One key area that is often overlooked when budgeting and forecasting is scenario planning (or ‘what if?’ analysis) but this has never been more important.
Budgeting is a vital financial management tool: it allows you to track how much has been spent against planned expenditure, it can help to identify potential future issues such as crunch points on cash flow, and it also helps with longer-term planning through forecasting future cash and reserves levels.
The importance of budgeting is heightened in current times, where circumstances are changing on what seems to be a daily basis.
One of the difficulties in making plans, budgets, and strategies at present is the level of change and uncertainty (although after Brexit and now COVID-19, perhaps uncertainty is the ‘new normal’) and so there is a greater need for charities to be nimble and flexible.
Better financial information allows better decision making, and it is therefore important that the decision makers have relevant and accurate information when making those decisions.
Scenario planning allows organisations to make flexible medium and longer-term plans. It allows the Board and senior management to make more informed decisions that are based on an assessment of many and varied situations.
So what is scenario planning? It is making assumptions about the future and seeing what impact these will have on the future of your organisation, what it does, and how it does it.
Tips on the how to do this
If you have never done scenario planning before, this may seem daunting – particularly as it involves making assumptions in a rapidly moving environment. However, the process does not have to be over-complicated:
Firstly, be clear about the uncertainties you are planning for. Start broad (for example income levels or demand for services) and then narrow down (so if we take the income level uncertainty are you considering the loss of a particular funder, a general decrease in public donations, or a fall in commercial trading income?)
It’s important to consider all uncertainties – but assess likelihood and impact of each. I find that this initial stage works well alongside a review of your risk register – you want to make sure that you are factoring in those uncertainties that are most likely and/or carry greater impact. It is these critical uncertainties that you should plan for.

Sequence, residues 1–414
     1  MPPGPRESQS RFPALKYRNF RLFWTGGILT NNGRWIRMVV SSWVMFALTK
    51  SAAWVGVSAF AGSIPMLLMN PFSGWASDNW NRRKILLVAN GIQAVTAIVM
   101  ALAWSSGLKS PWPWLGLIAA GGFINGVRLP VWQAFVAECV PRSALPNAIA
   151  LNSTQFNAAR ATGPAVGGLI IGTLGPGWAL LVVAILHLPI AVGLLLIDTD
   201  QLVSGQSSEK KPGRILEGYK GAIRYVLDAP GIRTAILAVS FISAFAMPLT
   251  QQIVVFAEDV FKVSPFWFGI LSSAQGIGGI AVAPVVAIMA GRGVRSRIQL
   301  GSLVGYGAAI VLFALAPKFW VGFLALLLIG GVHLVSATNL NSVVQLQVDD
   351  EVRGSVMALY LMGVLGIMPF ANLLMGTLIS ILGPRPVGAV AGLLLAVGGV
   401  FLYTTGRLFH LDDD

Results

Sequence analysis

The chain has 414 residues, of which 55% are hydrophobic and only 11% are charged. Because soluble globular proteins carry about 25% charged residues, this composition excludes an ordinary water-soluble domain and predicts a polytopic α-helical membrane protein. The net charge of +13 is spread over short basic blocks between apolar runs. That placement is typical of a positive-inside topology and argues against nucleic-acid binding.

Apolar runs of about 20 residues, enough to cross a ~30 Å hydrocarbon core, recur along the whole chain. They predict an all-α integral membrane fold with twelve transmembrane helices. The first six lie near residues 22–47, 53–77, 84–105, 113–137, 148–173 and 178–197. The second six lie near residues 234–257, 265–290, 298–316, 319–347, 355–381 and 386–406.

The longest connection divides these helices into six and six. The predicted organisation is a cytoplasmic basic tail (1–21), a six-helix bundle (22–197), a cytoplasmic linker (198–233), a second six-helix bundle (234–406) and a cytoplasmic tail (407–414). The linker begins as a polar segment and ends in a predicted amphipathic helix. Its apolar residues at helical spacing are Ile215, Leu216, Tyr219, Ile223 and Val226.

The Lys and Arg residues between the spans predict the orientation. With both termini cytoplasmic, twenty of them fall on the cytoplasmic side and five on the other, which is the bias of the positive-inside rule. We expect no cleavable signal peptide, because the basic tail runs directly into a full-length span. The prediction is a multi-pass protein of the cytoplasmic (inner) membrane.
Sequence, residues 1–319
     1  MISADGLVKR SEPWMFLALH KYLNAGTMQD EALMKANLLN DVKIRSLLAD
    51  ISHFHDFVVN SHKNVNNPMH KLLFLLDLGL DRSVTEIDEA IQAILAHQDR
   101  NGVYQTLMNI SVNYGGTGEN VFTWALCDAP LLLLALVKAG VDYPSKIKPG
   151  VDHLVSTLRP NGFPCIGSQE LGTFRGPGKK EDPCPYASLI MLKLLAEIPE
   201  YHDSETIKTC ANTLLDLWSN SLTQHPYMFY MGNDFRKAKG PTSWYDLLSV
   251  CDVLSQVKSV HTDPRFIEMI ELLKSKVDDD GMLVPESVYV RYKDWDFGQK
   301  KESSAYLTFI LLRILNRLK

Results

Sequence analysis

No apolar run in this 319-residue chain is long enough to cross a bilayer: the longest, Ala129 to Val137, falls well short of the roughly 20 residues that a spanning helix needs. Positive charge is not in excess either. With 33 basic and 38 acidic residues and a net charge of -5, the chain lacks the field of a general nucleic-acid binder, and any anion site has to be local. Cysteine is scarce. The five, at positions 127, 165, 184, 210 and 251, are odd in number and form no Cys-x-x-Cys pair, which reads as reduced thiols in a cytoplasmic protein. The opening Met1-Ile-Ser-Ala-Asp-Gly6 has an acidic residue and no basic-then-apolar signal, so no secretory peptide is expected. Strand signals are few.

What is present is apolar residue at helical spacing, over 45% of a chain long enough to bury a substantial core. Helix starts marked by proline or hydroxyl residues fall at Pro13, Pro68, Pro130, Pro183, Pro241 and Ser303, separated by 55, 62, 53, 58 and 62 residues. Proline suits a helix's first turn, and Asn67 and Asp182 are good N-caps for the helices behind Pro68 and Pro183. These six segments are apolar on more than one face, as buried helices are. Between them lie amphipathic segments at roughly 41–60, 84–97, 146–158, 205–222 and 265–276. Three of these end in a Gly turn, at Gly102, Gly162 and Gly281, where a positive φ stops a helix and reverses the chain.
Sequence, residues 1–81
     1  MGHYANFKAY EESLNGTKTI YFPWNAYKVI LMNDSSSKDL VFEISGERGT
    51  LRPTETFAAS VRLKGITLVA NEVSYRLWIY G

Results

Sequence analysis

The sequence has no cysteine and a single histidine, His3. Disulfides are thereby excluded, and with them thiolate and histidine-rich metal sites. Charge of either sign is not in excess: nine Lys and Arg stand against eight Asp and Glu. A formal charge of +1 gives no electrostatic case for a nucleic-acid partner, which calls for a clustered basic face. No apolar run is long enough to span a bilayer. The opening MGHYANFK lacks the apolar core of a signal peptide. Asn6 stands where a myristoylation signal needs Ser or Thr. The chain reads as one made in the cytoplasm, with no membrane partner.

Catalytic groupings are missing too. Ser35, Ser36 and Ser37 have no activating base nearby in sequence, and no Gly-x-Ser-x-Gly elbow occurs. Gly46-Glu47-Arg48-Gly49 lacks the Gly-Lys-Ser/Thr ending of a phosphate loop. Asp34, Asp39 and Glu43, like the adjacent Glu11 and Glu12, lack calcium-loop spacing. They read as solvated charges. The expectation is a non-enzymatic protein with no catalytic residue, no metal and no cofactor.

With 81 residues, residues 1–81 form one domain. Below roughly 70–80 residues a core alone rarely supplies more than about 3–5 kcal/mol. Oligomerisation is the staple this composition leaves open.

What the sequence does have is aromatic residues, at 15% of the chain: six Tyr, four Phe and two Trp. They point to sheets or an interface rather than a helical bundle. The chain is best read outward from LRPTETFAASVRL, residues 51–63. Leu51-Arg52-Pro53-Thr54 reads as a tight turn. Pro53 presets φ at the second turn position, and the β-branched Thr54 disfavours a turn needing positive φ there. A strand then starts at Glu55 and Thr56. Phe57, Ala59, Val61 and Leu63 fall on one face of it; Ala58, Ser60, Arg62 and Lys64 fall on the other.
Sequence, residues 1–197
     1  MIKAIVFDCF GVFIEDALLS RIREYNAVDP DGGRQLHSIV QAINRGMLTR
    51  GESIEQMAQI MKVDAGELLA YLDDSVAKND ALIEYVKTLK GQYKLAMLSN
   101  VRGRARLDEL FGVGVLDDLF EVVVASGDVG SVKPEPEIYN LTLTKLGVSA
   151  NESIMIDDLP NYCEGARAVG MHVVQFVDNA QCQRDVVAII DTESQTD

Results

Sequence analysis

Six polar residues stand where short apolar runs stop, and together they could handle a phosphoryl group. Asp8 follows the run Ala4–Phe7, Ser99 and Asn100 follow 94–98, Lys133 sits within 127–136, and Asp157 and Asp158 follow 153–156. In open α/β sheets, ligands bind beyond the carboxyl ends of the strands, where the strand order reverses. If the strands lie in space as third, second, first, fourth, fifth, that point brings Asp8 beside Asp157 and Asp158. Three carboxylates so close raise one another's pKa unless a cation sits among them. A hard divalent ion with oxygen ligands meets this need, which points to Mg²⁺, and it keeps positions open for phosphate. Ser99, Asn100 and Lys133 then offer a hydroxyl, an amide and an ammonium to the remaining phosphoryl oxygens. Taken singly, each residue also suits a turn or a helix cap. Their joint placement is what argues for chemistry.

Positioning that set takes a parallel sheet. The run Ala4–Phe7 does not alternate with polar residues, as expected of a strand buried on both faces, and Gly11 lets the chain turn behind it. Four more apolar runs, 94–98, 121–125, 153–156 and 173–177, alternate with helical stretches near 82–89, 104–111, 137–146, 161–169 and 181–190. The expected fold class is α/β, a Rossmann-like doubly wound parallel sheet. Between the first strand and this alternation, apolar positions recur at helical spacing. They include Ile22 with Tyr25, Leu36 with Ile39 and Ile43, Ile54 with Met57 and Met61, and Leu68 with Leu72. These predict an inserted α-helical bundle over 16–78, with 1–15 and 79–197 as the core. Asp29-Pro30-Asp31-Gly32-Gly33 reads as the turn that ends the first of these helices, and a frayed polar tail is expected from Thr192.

For each critical uncertainty, consider several different scenarios – there’s no right answer for how many to consider, and it will depend on what your charity does and how it is funded. Too many different scenarios for each uncertainty and the analysis may become too unwieldy; too few and you may not be covering every significant possibility.
This stage is where we start to narrow down the uncertainty. Let’s say the critical uncertainty is loss of commercial trading income from a cafe – consider different scenarios such as no trading income for the rest of the current financial year, different levels of capacity, or even wider issues (such as future levels of tourism).
Review and discuss the implications and impact of each scenario. Involve individuals from throughout the organisation – heads of department / project managers or even volunteers may have a clearer idea of different scenarios or impact.
Some final tips
Of course, all of this depends on a strong foundation of accurate and up to date accounting records and financial information. If the accounting records are not maintained regularly, monitoring performance against budget will be less effective and future planning may be impacted as cash and reserve levels are unknown.
Try not to fall into the trap of considering too many uncertainties and too many scenarios for each uncertainty – keep it simple and focused. But remember that there may be various scenarios to model. Scenario planning should not be built around a single factor.
Consider short, medium, and longer-term scenarios – the impact and outcomes may change over time so factor this into your assumptions and into the modelling.
Try to incorporate the scenarios into the modelling so they can be flexed easily – for example, use an Excel model that uses Excel formulae so that as few cells as possible have to be updated.
Photo by Daria Nepriakhina on Unsplash
The information in this article was correct at the date it was first published.
However it is of a generic nature and cannot constitute advice. Specific advice should be sought before any action taken.
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